Saudi Arabia is particularly angry about free trade deals other Gulf Cooperation Council (GCC) members have signed with the United States.
“Crown Prince Abd Allah will not participate in the summit. The Saudi delegation will be headed by Foreign Minister Prince Saud al-Faisal,” an official said on Sunday.
He did not give the reason for the crown prince’s boycott, but the news comes amid objections by Riyadh to a free trade accord signed in September between Bahrain and the United States.
Other members of the GCC, which apart from Bahrain and Saudi Arabia groups Kuwait, Oman, Qatar and the United Arab Emirates, plan to sign similar deals, which could further alienate Riyadh.
Sultan to attend
In place of Crown Prince Abd Allah, Saudi Defence Minister Prince Sultan bin Abd al-Aziz, who is number three in the Saudi hierarchy, is to head Riyadh’s delegation to the summit, according to a Gulf official in Manama and a statement issued by the royal court in Riyadh.
Bahrain recently signed a free
Bahraini Information Minister Nabil al-Hamr said four other GCC members were involved in negotiations with the United States to conclude free trade agreements, leaving Saudi Arabia as the only member of the alliance not engaged in such talks.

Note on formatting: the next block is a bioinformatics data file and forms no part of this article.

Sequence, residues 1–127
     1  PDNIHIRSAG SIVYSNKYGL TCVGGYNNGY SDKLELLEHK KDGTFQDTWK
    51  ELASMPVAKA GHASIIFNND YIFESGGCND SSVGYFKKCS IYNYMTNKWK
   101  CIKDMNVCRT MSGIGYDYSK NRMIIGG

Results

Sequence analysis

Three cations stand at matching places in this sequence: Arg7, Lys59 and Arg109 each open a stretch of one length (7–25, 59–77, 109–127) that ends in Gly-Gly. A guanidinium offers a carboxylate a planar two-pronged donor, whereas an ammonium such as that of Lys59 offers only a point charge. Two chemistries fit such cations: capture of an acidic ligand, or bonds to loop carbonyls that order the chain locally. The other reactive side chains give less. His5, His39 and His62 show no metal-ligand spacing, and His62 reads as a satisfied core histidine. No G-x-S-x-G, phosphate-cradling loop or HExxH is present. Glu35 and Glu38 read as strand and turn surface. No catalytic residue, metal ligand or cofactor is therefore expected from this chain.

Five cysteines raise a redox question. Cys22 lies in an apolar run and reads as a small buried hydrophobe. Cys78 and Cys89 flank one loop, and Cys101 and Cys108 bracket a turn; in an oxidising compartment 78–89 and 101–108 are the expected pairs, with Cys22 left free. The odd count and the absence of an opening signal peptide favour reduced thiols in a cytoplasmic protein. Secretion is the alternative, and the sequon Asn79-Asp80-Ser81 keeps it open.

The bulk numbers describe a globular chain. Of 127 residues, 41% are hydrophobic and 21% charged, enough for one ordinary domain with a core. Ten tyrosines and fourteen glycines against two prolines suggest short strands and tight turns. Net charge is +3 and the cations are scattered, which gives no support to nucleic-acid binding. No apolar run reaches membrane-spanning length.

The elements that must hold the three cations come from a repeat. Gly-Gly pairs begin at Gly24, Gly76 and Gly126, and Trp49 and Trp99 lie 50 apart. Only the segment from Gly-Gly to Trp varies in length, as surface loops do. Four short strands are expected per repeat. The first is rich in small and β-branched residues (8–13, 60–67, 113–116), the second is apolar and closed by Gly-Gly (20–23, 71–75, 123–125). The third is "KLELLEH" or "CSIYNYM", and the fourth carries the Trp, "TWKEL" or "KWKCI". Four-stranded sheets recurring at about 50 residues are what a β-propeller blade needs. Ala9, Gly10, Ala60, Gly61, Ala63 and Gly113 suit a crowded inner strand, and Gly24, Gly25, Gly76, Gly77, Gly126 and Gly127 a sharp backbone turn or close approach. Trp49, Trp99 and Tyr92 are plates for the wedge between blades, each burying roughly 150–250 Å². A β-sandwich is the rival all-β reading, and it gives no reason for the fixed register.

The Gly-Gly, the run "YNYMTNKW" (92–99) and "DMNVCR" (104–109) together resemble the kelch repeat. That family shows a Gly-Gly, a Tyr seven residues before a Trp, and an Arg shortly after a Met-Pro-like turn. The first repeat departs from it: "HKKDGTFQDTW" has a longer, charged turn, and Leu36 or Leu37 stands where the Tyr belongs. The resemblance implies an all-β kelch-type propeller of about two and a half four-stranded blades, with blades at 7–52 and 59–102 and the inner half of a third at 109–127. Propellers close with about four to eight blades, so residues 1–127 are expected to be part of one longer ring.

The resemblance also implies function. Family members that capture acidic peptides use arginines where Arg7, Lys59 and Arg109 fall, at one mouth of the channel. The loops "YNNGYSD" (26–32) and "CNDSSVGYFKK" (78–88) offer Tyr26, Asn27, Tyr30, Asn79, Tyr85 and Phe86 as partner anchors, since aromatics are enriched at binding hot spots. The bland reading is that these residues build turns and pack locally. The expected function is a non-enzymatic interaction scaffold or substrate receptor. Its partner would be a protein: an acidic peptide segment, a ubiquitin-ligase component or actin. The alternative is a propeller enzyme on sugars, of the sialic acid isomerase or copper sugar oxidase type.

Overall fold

Efforts are under way to “convince Saudi Arabia that those accords, far from being detrimental, serve the interests of the Gulf states”, al-Hamr said.
Saudi Arabia, the regional heavyweight, had accused its smaller Gulf neighbours of weakening Gulf solidarity by forging separate economic and security agreements with foreign powers.
But al-Hamr said that Saudi Arabia was now only voicing reservations about the deal.
Saudi Arabia is the only GCC state that is still not a member of the World Trade Organisation.
Though Bahrain has traditionally enjoyed close ties with Saudi Arabia, it went ahead with the free trade deal despite Riyadh’s objections, which may have been behind the suspension in July of a donation of 50,000 barrels per day (bpd) of oil to Manama.
Bahraini officials had publicly stated in October that the cancelled oil donation was not linked to the row over the US trade deal.
GCC states launched a customs union in January 2003 and plan to establish a monetary union next year, a common market in 2007 and a single currency by the start of 2010.